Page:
Key Info

Dobby is a management layer above the open-source crun OCI containerization tool, used for managing and running containers.


Dobby is a container management tool, originally developed by Sky and open-sourced to the RDK community. Dobby is a daemon-based program that makes use of the crun runtime and provides a more user-friendly experience for starting/stopping containers, handles container lifecycle management and enhancing the base functionality provided by crun.

Dobby is designed to be used for starting, stopping and monitoring all containerised applications on an RDK-V device. To start a container with Dobby, provide Dobby with a path to an OCI bundle and a container ID, and Dobby will handle the rest.

Written in C++ and with a plugin-based architecture, Dobby is lightweight, highly expandable and customisable, offering the ability to run custom code at various stages in the container lifecycle to add additional functionality. Out of the box, Dobby provides a number of plugins ready for use to provide commonly needed functionality including:

Plugins are C++ code written against the plugin interface, allowing for operators to easily add additional functionality, or modify existing functionality easily. All the plugins for Dobby can be found in the RDKPlugins directory in the repo here: Each plugin contains a README file with documentation on its usage. The TestPlugin is designed as a minimal reference plugin that can be used as an example for your own development.

Note there is a directory in the Dobby repo called plugins which containers legacy plugins required for some platforms. These should not be used as a reference for new plugins.


The core component of Dobby is the DobbyDaemon. This should be started at STB boot and then listens over dbus for commands. The full dbus API of Dobby can be found here:, although it is not recommended to communicate with Dobby manually over dbus. Instead, Dobby provides abstractions over dbus which are discussed later in this document.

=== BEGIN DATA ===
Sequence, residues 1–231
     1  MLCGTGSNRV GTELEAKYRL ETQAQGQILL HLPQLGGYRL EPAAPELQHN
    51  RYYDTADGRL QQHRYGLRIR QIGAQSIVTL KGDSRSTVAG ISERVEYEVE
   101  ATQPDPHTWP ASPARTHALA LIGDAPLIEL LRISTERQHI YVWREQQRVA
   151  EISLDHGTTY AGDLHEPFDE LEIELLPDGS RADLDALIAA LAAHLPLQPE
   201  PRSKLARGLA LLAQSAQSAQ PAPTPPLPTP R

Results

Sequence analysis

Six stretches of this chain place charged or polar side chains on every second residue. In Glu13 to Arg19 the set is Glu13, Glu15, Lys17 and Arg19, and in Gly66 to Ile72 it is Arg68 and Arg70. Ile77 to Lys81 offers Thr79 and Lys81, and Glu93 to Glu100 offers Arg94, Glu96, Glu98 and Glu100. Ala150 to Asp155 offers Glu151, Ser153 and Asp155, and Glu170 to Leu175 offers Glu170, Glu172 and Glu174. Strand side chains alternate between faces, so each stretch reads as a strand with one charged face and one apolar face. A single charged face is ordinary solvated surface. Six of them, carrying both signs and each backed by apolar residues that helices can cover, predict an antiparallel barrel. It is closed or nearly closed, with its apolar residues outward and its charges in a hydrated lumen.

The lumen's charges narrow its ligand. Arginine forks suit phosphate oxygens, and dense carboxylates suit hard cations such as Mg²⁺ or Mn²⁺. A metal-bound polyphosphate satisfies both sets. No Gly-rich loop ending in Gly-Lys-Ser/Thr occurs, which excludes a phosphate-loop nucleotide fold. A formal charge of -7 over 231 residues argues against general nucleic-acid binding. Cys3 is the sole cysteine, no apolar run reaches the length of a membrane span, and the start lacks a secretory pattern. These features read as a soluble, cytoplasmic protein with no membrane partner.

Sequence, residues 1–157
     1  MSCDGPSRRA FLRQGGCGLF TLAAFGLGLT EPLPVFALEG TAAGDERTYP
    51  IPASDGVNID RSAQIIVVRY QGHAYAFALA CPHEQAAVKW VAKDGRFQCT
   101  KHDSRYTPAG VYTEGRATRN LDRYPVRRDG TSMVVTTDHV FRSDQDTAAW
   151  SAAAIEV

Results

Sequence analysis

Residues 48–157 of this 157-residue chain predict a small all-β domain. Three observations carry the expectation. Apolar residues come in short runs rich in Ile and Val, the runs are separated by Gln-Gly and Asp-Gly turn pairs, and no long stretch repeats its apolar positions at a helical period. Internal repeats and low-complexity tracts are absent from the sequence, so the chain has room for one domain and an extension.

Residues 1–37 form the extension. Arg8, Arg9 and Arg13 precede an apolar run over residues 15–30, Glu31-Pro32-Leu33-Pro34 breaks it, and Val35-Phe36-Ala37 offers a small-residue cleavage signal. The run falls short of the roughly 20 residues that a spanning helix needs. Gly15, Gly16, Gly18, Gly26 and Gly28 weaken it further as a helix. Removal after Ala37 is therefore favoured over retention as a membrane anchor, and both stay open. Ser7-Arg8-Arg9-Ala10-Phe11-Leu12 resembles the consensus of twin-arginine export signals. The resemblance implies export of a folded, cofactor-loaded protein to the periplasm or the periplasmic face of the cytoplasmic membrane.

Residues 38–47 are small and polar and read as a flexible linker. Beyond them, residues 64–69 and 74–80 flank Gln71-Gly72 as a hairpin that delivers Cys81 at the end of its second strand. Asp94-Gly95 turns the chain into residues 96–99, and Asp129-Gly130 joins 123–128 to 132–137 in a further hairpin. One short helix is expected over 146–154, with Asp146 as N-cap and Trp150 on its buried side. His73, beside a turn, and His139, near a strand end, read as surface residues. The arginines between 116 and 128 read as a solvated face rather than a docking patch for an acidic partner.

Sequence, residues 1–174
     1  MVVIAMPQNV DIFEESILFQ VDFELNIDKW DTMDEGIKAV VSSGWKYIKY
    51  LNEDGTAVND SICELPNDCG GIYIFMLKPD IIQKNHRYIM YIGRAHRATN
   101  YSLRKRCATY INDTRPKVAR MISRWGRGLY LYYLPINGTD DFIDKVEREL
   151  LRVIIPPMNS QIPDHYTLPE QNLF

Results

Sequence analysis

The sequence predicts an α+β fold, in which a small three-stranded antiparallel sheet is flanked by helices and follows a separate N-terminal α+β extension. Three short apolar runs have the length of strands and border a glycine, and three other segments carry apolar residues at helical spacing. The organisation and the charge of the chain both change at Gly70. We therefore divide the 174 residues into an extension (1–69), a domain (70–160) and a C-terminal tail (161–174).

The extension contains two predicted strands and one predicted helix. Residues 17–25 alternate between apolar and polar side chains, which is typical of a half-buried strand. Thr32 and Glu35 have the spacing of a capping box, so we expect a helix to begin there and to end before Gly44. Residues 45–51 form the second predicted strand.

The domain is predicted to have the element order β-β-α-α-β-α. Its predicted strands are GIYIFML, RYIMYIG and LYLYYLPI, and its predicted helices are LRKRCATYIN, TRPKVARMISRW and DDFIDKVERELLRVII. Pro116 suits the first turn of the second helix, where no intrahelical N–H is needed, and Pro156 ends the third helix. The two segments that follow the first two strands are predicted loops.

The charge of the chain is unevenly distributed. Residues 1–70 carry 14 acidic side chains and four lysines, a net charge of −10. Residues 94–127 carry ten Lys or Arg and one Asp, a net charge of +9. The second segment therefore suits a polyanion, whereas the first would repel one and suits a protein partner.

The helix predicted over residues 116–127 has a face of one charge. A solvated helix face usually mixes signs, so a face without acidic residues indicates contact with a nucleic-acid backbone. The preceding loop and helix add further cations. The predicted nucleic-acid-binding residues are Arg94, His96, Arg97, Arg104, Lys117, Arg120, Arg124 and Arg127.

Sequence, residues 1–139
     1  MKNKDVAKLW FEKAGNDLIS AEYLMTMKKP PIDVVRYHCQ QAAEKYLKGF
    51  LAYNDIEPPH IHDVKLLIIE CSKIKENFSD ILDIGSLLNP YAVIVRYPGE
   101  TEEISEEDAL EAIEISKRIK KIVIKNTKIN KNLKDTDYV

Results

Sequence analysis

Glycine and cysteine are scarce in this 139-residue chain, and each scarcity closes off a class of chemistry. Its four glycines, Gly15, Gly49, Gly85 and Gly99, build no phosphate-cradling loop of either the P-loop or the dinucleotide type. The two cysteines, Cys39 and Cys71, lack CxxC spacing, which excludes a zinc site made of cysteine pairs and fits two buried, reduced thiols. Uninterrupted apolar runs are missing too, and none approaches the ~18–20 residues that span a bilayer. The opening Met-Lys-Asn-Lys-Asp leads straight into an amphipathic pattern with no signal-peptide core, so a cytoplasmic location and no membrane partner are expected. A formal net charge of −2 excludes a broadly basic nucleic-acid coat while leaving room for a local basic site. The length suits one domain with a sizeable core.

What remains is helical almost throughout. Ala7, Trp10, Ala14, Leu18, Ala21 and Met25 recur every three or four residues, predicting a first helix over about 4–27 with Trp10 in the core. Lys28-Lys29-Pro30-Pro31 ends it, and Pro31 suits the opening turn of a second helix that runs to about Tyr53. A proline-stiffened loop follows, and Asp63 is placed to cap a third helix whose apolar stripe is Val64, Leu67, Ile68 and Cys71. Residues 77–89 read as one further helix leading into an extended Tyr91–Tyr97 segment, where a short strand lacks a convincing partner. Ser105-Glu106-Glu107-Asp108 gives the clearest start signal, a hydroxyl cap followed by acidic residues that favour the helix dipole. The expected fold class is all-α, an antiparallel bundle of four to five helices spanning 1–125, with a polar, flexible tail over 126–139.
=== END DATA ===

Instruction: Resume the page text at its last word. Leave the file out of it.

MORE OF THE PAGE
Dobby ships with a systemd unit file called dobby.service, which allows Dobby to be started/stopped by systemd.


For debug builds of Dobby, the DobbyTool binary is installed on the STB. This is a simple command line app that communicates with Dobby directly over dbus to issue common commands. This is very useful for troubleshooting and testing Dobby.


# Extract OCI bundle to STB
$ tar -xzvf my_app_bundle.tar.gz

# Start container
$ DobbyTool start my_app ./my_app_bundle/

Integration with Thunder

OCIContainers Plugin

To control Dobby using a JSON-RPC API, then use the OCIContainer Thunder NanoService. This exposes the same functionality as DobbyTool, but in a manner more suited for integration into other code in RDK-V.

On platforms where Thunder is not available, the raw dbus interface can be used instead - OCIContainers only serves as an abstraction over dbus so other components that already communicate with JSON-RPC can easily control Dobby.

Example of OCIContainer to start a container from an OCI bundle:

$ curl -X POST -d '{
      "containerId": "testContainer",
      "bundlePath": "[-INSERT BUNDLE PATH-]"


The OCIContainer code  contains a file with detailed documentation on its usage -  see here:


Thunder includes the ability to run plugins in containers as well as the traditional in/out of process modes. Thunder offers different back-ends for running Thunder plugins in containers, one of which is Dobby. This mode will communicate with Dobby to start/stop Thunder plugins inside Dobby containers. This provides the advantage of meaning Dobby is responsible for running all types of container on the STB, from native apps to Thunder plugins.

To enable this, compile Thunder with the following CMake flags:

Then for the plugin(s) you wish to run in a container, set the execution mode to "container" in the plugin configuration file.

Source Code/Development

Dobby source code lives on the RDKCentral GitHub here: and is Apache 2.0 licenced.

To develop Dobby, it is recommended to use Ubuntu 16.04. Dobby ships with a Vagrant file to create a development environment. More information is available here:

If you would like to contribute code to this project you can do so through GitHub by forking the repository and sending a pull request. Before RDK accepts your code into the project you must sign the RDK Contributor License Agreement (CLA).